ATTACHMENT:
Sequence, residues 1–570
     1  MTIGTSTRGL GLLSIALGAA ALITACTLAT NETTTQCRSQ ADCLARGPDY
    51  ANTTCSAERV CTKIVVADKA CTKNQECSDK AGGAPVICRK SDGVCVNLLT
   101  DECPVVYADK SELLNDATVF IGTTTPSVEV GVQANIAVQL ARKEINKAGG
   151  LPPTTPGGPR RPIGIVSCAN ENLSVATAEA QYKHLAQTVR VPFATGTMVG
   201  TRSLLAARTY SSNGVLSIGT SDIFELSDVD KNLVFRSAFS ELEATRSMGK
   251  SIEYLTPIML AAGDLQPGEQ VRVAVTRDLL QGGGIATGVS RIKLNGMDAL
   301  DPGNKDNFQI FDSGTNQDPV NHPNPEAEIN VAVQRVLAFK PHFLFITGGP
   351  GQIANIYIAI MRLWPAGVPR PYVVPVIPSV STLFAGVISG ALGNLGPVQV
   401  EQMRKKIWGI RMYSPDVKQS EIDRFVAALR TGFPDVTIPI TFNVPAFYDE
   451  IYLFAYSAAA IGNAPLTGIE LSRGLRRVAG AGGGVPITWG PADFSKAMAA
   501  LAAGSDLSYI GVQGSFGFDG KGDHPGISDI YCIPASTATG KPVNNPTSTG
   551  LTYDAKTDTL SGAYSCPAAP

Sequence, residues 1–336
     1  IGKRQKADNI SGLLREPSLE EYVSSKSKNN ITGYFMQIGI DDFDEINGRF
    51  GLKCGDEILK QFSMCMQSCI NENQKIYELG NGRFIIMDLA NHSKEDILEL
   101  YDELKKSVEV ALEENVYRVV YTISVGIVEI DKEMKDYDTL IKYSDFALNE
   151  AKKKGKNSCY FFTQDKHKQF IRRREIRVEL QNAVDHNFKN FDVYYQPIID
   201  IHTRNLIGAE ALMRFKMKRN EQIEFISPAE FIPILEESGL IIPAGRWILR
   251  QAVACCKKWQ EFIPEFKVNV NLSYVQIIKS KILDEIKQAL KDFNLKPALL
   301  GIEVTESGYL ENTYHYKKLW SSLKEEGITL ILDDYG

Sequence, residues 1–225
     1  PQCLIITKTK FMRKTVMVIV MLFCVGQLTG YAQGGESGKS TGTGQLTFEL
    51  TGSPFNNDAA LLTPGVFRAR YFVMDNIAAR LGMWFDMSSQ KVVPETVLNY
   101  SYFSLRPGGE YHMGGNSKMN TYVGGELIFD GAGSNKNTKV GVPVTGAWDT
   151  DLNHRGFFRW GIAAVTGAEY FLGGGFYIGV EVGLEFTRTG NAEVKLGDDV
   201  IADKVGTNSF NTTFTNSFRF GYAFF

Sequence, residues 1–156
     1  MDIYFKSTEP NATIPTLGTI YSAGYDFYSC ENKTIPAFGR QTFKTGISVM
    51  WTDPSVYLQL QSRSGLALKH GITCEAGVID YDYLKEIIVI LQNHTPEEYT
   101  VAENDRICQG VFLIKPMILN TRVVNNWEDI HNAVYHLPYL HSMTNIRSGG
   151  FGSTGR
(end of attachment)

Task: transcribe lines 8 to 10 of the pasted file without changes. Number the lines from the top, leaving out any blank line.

   301  DPGNKDNFQI FDSGTNQDPV NHPNPEAEIN VAVQRVLAFK PHFLFITGGP
   351  GQIANIYIAI MRLWPAGVPR PYVVPVIPSV STLFAGVISG ALGNLGPVQV
   401  EQMRKKIWGI RMYSPDVKQS EIDRFVAALR TGFPDVTIPI TFNVPAFYDE